Why Did General Motors Stall?
General Motors knew about defective ignition switches for almost a decade before ordering recalls
General Motors Headquarters in Detroit
Over a nine-year period, 164 drivers complained to the National Highway Traffic Safety Administration (NHTSA) that their Chevrolet Cobalts stalled without warning. The Cobalts involved in the complaints were 2005, 2006 or 2007 models. The complaints far outnumbered those of any of the car's competition from the same years with one exception: Toyota Corolla, which had been investigated by the U.S. government in 2010 and recalled.
Cars Finally Recalled
The stalling without warning was due to ignition failure in Cobalts. In February 2014, General Motors recalled 1.6 million Cobalts as well as other compact cars such as the Saturn Ion and Pontiac G5 for ignition switch failure. By late March, another 971,000 cars from the years 2008-2011 had been recalled because of faulty replacement switches. On May 15, the company recalled 2.7 million more cars, including the Chevrolet Malibu, Pontiac G6, and Saturn Aura. The automaker asked for six new recalls of more than 8.4 million vehicles by late June, most of which were again for ignition switch failure.
As explained by General Motors, the faulty ignition switch slips out of its run position into the accessory position because of the weight on the key chain. The slip causes the engine to stall. When this happens, power steering, power-assisted breaks and air bags become disabled. As of 2014, this ignition failure has caused at least 13 deaths and dozens of wrecks.
According to an Associated Press analysis, NHTSA had evidence of the faulty switches as early as 2005. During the summer of 2005, NHTSA hired a contractor to investigate a crash on July 29, 2005, that killed Amber Marie Rose. According to the contractor's report, Rose, age 16, had been driving a 2005 Cobalt when the ignition switch moved from the run position to accessory and the airbags did not inflate. However, the report also said that speed and alcohol were factors.
New CEO Testifies
General Motors recently acknowledged that it has known about the defective ignition switch for almost a decade. On April 1, 2014, the current heads of NHTSA and General Motors, including new General Motors CEO Mary Barra, were called to testify before the House and Senate subcommittees. They were asked to explain why it took so long for car owners to be told about the potentially deadly defect in their cars.
During the hearings, Barra said that many of the answers Congress is looking for will come out of an internal General Motors investigation. According to Barra that investigation should be completed within 45 to 60 days. When members of the Senate subcommittee suggested that General Motors tell the owners of the defective cars to stop driving them, Barra responded by saying that she would let her own son get behind the wheel of one if he took certain precautions.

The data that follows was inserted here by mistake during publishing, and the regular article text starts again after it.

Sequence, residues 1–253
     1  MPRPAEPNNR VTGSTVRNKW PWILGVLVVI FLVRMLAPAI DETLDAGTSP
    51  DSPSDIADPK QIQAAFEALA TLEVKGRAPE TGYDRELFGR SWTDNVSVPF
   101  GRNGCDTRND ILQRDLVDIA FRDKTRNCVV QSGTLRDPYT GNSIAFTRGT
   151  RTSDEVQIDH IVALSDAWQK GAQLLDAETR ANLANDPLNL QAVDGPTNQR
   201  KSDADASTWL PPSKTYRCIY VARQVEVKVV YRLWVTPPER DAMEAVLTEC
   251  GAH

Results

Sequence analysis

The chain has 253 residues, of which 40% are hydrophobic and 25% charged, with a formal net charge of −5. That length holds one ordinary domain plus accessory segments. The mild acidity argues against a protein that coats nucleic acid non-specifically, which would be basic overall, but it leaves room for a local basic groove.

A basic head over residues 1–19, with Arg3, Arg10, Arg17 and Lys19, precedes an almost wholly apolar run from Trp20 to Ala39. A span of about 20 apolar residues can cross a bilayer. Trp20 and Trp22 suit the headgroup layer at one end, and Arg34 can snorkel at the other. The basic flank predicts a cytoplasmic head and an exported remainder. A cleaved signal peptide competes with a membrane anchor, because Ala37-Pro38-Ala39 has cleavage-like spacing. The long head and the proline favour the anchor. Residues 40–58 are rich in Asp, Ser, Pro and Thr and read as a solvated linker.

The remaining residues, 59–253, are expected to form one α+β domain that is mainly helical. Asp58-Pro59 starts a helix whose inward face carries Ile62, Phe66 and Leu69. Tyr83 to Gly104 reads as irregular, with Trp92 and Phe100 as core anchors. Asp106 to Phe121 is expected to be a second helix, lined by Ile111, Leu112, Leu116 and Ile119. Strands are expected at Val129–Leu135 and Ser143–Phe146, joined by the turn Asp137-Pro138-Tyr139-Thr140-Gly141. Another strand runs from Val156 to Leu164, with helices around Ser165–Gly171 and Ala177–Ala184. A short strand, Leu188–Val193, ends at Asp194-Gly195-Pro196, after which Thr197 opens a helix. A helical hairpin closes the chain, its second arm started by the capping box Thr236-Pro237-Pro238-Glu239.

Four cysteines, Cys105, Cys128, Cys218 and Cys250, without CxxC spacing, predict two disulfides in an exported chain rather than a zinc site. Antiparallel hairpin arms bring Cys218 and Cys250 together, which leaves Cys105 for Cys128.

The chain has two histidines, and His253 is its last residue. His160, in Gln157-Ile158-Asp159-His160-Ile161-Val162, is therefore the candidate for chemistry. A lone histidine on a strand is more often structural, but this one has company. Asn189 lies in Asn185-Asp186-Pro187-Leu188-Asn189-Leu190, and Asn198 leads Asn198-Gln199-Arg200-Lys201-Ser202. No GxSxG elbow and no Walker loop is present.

When asked how General Motors was handling the problem, Barra admitted that she was unaware of certain details to which California Senator Barbara Boxer responded, "You don't know anything about anything." Boxer went on to say, "If this is the new GM leadership, it's pretty lacking." Saturday Night Live even poked fun at Barra's testimony during a skit that mocked the CEO for having few answers. In response to the hearings, New Hampshire Senator and former prosecutor Kelly Ayotte said, "I don't see this as anything but criminal."
The Justice Department is conducting a criminal investigation of how General Motor's handled the recall. Barra has promised that the investigation will have General Motors complete cooperation. U.S. Transportation Secretary Anthony Foxx has also asked for an internal investigation since his department is in charge of auto safety.
Didn't Take Responsibility
On June 5, 2014, Barra announced that General Motors had completed its internal investigation and found that there was no deliberate cover-up by the company. The investigation also found that top management had been unaware of the matter until the recalls earlier this year. However, the company fired 15 people as a result of the internal investigation. â€œSome were removed because of what we consider misconduct or incompetence. Others have been relieved because they simply didnÃ¢Â€Â™t do enough: They didnÃ¢Â€Â™t take responsibility; didnÃ¢Â€Â™t act with any sense of urgency,â€œ Barra said during her announcement.
General Motors issued 72 recalls internationally for a total of 29.95 million vehicles in 2014. That was just under the industry-wide 2004 record of 30.8 million recalls. By the end of the year, the state of Arizona filed a $3 billion lawsuit against the automaker in response to the number of recalls. The lawsuit alleged that General Motors misled car buyers intentionally. A similar suit was also filed by a group of private attorneys.
Source: National Highway Traffic Safety Administration, Associated Press
by Jennie Wood